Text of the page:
Care Minister ‘prioritising’ care home visitors over domiciliary care staff, says director

Helen Whately

The Minister of Care has been accused of prioritising care home visitors over professional home care staff when it comes to testing people for coronavirus.

Helen Whatley (pictured) recently announced that a care home visitor scheme allowing family members to regularly visit their loved ones would be piloted in England.

Under the scheme, a designated relative or friend would be required to undergo weekly testing and wear PPE. However, exact details are yet to be finalised.

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The Minister of Care told the Commons Health and Social Care Committee earlier this month: “I am planning to launch a pilot shortly. I can’t give you a date but I can say we are moving forward with it.

“Visiting is incredibly important for residents and their families in care homes. I really want us to enable visiting but it has to be safe.”

Reacting to the news, Eloise Wakeford, founder and owner of Berkshire-based County Carers, said she was “shocked” that care home visitors could be given weekly tests to allow safe visiting, when domiciliary care staff are still unable to access regular testing.

“We have a team of dedicated professionals and experienced at home carers and we’re struggling to get sent testing kits for anyone in the team, let alone be prioritised for testing or offered weekly testing to ensure the safe provision of care for vulnerable clients in their own homes,” she said.

“From our point of view, if one of our carers becomes unwell with COVID it not only puts them out of action, but it also affects all of the people they care for as well as their families at home. We’re now hearing news that families visiting care homes are being prioritised over not only our professional team but also the people we care for.”

Home care workers and the organisations employing them continue to demand the same access to regular COVID-19 testing as those working in residential care.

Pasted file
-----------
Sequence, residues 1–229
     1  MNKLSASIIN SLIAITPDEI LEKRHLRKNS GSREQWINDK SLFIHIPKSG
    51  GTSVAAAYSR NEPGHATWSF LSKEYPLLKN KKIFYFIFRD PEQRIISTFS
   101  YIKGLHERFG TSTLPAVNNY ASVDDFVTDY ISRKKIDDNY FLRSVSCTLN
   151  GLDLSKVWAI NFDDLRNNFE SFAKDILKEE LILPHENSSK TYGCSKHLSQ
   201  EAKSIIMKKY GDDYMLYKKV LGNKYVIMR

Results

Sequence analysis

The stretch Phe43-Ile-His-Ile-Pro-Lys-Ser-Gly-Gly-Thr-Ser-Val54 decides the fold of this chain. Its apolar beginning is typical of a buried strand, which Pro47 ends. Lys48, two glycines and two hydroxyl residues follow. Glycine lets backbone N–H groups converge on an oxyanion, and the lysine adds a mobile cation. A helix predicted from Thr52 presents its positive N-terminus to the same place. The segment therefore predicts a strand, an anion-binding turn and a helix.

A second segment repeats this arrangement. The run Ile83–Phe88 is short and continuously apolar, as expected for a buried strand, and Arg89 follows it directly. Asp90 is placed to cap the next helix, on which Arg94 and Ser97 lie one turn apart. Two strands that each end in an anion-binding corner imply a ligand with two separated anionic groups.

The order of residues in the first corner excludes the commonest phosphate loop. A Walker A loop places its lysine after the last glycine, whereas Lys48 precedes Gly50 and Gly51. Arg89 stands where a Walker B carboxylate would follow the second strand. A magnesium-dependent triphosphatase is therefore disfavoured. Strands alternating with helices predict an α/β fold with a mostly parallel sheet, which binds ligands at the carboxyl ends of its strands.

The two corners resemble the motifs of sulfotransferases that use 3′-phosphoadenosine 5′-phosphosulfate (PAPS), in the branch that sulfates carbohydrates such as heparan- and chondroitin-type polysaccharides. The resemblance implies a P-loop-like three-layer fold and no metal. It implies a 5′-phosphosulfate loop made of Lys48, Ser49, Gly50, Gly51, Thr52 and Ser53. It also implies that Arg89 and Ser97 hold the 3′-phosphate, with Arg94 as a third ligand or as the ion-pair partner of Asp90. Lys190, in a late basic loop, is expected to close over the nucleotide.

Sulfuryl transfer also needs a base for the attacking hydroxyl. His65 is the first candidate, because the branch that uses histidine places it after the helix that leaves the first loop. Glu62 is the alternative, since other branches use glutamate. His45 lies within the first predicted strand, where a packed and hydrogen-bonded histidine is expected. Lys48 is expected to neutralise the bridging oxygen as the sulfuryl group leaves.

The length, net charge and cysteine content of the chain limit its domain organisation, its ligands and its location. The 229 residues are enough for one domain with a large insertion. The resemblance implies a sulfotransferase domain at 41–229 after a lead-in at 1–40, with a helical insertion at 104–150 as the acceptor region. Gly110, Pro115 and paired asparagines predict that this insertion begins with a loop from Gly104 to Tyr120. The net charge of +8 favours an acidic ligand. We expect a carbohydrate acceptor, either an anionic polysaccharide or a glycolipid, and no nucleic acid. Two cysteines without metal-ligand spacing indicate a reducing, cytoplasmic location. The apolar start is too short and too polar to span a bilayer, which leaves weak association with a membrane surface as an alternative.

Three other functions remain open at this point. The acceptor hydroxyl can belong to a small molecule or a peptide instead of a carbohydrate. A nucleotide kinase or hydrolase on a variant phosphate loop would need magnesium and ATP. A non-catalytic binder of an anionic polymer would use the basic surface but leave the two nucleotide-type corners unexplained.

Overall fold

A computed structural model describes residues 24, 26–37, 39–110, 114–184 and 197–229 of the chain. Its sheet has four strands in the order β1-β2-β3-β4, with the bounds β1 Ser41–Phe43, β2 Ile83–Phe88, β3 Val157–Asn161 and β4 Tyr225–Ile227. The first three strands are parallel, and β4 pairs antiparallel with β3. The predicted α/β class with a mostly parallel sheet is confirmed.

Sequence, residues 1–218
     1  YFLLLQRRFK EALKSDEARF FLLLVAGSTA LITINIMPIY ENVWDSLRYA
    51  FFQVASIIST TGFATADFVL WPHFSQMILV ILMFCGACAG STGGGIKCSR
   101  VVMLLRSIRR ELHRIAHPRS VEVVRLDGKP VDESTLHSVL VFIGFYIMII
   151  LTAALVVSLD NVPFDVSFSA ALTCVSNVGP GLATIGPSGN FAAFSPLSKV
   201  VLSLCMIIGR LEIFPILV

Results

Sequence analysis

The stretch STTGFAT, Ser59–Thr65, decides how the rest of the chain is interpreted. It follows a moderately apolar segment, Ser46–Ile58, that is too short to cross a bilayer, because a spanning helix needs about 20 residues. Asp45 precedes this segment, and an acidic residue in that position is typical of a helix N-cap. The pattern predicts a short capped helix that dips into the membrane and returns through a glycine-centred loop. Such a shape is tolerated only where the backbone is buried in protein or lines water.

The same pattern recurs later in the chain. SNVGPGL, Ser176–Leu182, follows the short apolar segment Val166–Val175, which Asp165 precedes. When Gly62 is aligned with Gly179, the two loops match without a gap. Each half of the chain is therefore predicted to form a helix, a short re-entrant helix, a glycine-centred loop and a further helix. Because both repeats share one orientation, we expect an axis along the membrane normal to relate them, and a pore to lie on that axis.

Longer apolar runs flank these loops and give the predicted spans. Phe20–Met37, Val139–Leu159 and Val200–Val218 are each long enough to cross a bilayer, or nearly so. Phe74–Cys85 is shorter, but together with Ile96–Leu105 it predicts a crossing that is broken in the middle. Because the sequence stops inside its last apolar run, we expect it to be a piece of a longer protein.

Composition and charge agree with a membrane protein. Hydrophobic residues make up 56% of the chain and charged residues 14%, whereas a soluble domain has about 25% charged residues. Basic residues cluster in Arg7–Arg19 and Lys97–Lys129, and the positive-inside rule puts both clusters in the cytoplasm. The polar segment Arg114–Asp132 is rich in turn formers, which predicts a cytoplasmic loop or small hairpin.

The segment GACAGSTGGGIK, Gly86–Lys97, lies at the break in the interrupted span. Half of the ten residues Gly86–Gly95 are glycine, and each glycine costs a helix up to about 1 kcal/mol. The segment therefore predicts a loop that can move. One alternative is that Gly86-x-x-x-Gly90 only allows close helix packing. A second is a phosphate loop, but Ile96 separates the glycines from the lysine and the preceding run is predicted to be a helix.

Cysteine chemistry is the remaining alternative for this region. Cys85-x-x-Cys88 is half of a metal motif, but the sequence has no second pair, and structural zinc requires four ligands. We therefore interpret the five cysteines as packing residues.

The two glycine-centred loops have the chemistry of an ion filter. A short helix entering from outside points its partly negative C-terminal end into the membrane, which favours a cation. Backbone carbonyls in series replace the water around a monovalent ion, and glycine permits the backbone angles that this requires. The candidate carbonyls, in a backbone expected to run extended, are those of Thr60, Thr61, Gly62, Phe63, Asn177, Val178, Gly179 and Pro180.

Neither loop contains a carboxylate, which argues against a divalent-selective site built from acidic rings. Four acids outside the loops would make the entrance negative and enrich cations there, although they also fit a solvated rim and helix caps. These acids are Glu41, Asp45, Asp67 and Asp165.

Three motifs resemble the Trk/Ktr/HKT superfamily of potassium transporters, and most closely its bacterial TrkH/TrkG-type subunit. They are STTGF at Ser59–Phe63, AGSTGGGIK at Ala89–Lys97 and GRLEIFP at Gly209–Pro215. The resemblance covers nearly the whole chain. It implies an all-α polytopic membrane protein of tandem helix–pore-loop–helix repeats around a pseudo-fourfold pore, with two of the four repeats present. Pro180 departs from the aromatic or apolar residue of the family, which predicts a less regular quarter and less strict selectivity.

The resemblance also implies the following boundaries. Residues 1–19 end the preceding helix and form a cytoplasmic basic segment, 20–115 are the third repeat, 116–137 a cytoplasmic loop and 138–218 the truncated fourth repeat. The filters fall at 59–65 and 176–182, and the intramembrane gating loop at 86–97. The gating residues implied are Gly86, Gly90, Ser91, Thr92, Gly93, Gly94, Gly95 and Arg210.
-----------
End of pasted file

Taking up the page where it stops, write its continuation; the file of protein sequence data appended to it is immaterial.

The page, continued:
Ministers had promised weekly testing in care homes in the summer, but it began comprehensively only in September. 

Meanwhile, home care workers, along with supported living and extra care housing staff, are only eligible for a free test if they have symptoms.

Dr Jane Townson, CEO of United Kingdom Home Care Association, expressed her frustration over this issue when giving evidence to the Health and Social Care Committee earlier this month.

She said: “Home care was never on the priority list and the reason given for that was this small Public Health England, which, whilst it may be true that the prevalence of COVID-19 in the home care workforce is similar to that in the general population, ignores the fact that home care providers are supporting people on the high risk list by definition.

“Also, we carers are living 24/7 with clients and those people want to be sure that the people coming in [to their homes] aren’t infected. So we want asymptomatic testing.”

Dr Townson continued: “In the very beginning, for people with symptoms, finding tests wasn’t too difficult, but now it’s become really difficult because more and more people have been promised tests.

“We still haven’t made any progress on asymptomatic testing for the live-in care workers and we would argue that in areas of local lockdown, where transmission rates are higher, home care workers ought to be on the routine testing list.”

A Department of Health and Social Care spokesperson said:

A DHSC spokesperson said: “We recognise the importance of protecting those who receive care in their own homes, as well as those who provide home care, and we are doing everything that we can to support them as part of our support for the wider sector.

“We are protecting care workers and reducing the spread of infection by extending the Infection Control Fund to home care providers, and through providing £4.6 billion to local authorities to address COVID-19 pressures, including supporting domiciliary care.

“Our approach to testing health and care workers is guided by the latest scientific advice, which finds that regular testing of people without symptoms is most effective among populations where prevalence is higher, or where individuals are more at risk from coronavirus, for example, in care homes.”

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Sarah Clarke

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